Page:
Let be a -regular multigraph on vertices with a two-way labeling, let be a -regular multigraph on vertices with a two-way labeling. The derandomized square is a -regular graph on vertices with rotation map Rot defined as follows: For , and , we compute Rot as

  1. Let Rot

  2. Let Rot

  3. Let Rot

  4. Output

It can be verified that Rot is its own inverse and hence this indeed defines a -regular multigraph on vertices. The main idea behind the derandomized square is that it improves the connectivity of the graph (as measured by the second eigenvalue) without squaring the degree.

Theorem 5.4 ([Rv]).

Let be a -regular undirected multigraph with a two-way labeling and and be a -regular graph with a two-way labeling and . Then is a -regular undirected multigraph and

The output of the derandomized square is an undirected multigraph with a two-way labeling. So the operation can be repeated on the output. In our algorithm for computing an approximate pseudoinverse, we use Identity 3 but replace every instance of a squared transition matrix with the derandomized square. To prove that this approach indeed yields an approximation to the pseudoinverse, we want to apply Theorem 4.1. For this we need to prove two properties of the derandomized square: that the derandomized square is a good spectral approximation of the true square and that iterating the derandomized square yields an approximation of the complete graph. The latter property follows from the corollary and lemma below.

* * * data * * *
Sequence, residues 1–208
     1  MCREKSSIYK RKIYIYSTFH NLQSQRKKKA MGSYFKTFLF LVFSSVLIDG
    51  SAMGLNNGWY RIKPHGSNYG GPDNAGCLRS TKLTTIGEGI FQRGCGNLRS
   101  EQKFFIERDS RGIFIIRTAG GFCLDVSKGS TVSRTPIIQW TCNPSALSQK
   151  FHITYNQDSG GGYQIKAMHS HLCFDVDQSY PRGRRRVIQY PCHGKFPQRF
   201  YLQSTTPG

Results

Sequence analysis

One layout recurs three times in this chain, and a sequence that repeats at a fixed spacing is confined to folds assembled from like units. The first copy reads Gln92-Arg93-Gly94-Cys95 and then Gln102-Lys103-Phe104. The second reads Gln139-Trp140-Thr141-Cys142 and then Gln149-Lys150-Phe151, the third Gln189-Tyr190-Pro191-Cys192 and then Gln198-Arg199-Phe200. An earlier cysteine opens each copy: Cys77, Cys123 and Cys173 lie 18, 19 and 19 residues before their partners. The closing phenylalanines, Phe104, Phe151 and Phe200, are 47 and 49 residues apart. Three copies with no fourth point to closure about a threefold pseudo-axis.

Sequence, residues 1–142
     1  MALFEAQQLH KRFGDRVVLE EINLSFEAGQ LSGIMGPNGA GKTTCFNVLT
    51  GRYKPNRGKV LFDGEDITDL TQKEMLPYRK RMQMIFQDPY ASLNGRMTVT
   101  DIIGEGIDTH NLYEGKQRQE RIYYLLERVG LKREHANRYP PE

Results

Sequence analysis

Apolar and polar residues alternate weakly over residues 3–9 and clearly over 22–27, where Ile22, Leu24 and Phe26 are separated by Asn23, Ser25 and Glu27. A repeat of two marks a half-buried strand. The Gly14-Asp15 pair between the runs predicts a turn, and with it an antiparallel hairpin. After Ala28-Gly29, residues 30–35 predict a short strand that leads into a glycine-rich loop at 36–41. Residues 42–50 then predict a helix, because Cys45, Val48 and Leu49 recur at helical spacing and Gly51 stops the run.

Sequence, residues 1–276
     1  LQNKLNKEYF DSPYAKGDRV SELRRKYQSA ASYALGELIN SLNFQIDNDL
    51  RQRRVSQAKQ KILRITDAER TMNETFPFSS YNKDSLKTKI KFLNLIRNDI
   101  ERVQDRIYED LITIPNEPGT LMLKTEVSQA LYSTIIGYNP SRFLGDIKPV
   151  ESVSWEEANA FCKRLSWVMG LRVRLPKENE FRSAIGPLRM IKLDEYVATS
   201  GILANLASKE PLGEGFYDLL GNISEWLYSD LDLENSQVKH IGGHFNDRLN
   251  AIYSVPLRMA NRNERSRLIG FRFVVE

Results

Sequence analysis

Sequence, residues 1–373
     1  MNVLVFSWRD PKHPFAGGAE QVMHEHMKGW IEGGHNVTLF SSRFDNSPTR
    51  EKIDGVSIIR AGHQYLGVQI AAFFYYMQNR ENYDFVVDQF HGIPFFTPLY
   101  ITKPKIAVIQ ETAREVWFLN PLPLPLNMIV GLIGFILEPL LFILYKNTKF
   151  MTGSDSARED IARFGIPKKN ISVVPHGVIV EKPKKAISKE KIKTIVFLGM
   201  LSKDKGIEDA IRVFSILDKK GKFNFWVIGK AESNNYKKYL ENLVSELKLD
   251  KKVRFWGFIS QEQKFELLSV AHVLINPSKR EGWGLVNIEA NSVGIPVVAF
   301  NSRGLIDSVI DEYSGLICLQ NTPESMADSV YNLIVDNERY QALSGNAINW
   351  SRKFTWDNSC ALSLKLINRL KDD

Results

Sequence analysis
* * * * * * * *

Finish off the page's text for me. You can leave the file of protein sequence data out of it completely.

Corollary 5.5.

Let be a -regular undirected multigraph on vertices with a two-way labeling and and be -regular graphs with two-way labelings where has vertices and . For all let . If and then .


Let and for all , let . If then

It follows that until is driven above we have . Since , setting will result in . ∎

Lemma 5.6.

If is the normalized Laplacian of a -regular, undirected, 1/2-lazy, multigraph , and then if and only if .

A proof of Lemma 5.6 can be found in Appendix C.

We prove in Theorem 5.7 that if is an expander then the derandomized square of a multigraph with is a good spectral approximation to and thus can be used for the approximation in Theorem 4.1. The idea is that the square of a graph can be interpreted as putting -clique on the neighbors of each vertex in , and the derandomized square can be interpreted as putting a copy of on each vertex. By Lemma 5.6, spectrally approximates , and we can use this to show that the Laplacian of spectrally approximates .

Theorem 5.7.

Let be a -regular, undirected, aperiodic multigraph on vertices and be a regular multigraph on vertices with . Then